Nearly every source of light depends, at the fundamental level, on the release of energy from atoms that have been excited in some manner. Standard incandescent lamps, derived directly from the early models of the 1800s, now commonly utilize a tungsten filament in an inert gas atmosphere, and produce light through the resistive effect that occurs when the filament temperature increases as electrical current is passed through.
Sub-atomic activity within a conducting incandescent lamp filament results in resistance to current flow, and ultimately leads to the emission of infrared and visible light photons.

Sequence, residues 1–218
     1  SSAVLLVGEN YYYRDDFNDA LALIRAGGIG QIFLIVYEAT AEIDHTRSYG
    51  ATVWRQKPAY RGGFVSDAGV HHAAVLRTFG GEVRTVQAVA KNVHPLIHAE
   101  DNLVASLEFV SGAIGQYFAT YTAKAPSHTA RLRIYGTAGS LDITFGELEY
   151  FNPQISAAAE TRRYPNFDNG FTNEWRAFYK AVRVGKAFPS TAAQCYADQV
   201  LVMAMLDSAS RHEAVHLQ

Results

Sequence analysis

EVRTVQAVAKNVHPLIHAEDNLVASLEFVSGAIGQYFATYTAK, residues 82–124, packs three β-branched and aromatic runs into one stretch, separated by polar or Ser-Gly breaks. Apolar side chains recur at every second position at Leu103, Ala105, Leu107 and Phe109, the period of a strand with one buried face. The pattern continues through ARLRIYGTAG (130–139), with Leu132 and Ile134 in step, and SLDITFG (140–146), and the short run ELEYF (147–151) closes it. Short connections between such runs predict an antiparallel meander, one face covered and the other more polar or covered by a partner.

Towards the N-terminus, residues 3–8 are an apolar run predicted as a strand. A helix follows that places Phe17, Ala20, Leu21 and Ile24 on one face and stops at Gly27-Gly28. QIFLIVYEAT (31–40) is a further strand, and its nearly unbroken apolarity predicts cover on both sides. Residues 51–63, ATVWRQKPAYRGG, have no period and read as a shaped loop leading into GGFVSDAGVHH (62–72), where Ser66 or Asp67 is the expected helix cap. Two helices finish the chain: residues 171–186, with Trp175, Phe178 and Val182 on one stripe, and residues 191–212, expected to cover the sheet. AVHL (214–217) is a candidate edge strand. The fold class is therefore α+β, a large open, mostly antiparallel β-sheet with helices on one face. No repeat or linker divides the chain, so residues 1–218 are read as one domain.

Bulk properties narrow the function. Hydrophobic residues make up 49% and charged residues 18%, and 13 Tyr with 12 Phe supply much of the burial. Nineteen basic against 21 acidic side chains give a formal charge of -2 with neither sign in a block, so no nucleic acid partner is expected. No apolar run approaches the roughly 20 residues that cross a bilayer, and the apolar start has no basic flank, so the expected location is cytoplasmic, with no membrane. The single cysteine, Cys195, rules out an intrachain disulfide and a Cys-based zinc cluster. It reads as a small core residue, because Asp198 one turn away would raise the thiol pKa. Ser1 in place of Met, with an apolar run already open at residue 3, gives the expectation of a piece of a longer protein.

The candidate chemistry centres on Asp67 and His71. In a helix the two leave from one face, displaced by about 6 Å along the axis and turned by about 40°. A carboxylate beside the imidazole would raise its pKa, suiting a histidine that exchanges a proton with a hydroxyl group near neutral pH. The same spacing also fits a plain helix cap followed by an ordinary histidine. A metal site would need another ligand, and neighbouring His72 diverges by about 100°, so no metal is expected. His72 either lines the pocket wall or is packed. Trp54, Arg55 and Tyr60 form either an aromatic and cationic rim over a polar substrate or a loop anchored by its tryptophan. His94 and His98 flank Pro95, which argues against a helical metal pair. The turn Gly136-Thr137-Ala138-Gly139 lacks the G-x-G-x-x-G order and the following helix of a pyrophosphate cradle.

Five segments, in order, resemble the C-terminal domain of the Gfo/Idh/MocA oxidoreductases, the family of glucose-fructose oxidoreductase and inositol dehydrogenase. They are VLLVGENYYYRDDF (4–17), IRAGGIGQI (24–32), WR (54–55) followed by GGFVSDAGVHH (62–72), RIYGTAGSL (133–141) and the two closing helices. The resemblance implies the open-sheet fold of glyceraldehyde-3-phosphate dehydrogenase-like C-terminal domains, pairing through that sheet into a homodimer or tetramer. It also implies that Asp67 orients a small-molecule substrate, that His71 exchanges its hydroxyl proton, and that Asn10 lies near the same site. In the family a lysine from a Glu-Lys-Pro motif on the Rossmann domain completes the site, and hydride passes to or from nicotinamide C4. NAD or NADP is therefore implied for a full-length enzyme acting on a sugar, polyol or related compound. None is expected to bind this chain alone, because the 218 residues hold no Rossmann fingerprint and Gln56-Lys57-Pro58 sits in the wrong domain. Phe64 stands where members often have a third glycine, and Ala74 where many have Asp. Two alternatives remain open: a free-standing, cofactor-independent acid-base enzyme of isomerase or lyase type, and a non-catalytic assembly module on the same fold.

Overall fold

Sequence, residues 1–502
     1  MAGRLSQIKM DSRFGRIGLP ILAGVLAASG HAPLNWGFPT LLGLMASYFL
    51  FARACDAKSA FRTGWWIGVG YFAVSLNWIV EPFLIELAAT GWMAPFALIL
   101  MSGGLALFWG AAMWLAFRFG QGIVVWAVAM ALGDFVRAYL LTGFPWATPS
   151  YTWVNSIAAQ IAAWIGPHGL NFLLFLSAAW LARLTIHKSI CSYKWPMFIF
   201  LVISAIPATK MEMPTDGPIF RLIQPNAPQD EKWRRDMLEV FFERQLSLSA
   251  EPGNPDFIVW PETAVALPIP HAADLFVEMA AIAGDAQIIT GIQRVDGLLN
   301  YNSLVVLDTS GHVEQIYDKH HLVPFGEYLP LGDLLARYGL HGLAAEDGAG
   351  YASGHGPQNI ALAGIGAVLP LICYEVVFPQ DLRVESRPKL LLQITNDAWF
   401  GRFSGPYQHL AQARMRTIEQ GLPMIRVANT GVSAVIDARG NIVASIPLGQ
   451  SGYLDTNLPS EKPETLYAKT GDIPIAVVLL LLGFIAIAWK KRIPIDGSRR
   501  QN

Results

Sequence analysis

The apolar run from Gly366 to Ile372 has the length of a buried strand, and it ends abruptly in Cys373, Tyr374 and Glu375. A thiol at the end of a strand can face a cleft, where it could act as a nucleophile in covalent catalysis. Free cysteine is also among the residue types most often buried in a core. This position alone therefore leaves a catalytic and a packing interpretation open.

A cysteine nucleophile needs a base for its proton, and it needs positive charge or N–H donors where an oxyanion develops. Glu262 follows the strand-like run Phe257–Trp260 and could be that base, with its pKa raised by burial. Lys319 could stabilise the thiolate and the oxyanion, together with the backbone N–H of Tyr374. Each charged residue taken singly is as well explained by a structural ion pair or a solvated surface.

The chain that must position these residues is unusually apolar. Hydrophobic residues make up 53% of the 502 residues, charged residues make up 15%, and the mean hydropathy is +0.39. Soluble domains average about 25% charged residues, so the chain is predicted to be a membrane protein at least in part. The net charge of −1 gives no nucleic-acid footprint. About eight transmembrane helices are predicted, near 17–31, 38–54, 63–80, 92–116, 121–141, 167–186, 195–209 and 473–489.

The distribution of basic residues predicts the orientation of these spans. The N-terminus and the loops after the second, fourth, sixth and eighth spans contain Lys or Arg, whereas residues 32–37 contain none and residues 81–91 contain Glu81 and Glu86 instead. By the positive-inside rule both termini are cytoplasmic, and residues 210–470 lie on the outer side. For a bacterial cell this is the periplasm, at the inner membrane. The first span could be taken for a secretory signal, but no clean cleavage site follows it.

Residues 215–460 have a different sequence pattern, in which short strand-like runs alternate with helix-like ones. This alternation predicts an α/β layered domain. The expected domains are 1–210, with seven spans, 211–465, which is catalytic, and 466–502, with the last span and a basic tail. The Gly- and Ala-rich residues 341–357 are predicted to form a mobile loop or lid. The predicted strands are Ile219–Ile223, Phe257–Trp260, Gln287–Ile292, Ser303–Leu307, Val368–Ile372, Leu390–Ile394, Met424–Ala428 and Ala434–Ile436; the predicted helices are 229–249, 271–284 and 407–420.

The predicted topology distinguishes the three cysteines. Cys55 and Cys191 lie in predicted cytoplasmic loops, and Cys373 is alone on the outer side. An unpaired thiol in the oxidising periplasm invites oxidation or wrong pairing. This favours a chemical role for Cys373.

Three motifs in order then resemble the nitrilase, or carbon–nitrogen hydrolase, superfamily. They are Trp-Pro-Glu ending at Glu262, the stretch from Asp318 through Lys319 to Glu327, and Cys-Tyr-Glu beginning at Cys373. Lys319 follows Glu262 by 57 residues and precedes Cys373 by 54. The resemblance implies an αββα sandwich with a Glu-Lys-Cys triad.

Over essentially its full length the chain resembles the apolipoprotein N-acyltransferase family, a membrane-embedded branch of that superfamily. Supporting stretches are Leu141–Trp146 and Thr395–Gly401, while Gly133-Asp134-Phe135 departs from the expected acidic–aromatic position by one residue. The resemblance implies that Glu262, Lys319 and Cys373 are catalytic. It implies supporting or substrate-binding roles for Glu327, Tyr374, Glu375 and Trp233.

While a resistor opposing current, it is possible for emission of large amount of heat. In many circuits, heat is considered as a energy loss of resistors. But in bulb lamp, heat is useful to produce light. We are familiar about incandescent lamp. It has tungsten filament surrounded by an inert gas. When you turn the switch on, lamp glows in your home.
In the filament, electrons collide with other electrons and produce resistance to mobile electrons which is the cause for current. Collision of electrons produce vibration of atoms in the filament and vibrational energy, in turn, produces heat on filament. Only ten percent of this heat energy is converted to light energy.Tungsten filament can be heated for high temperatures (over 2000 º C) and the capability of tungsten without melting and evaporating is useful in bulb lamps.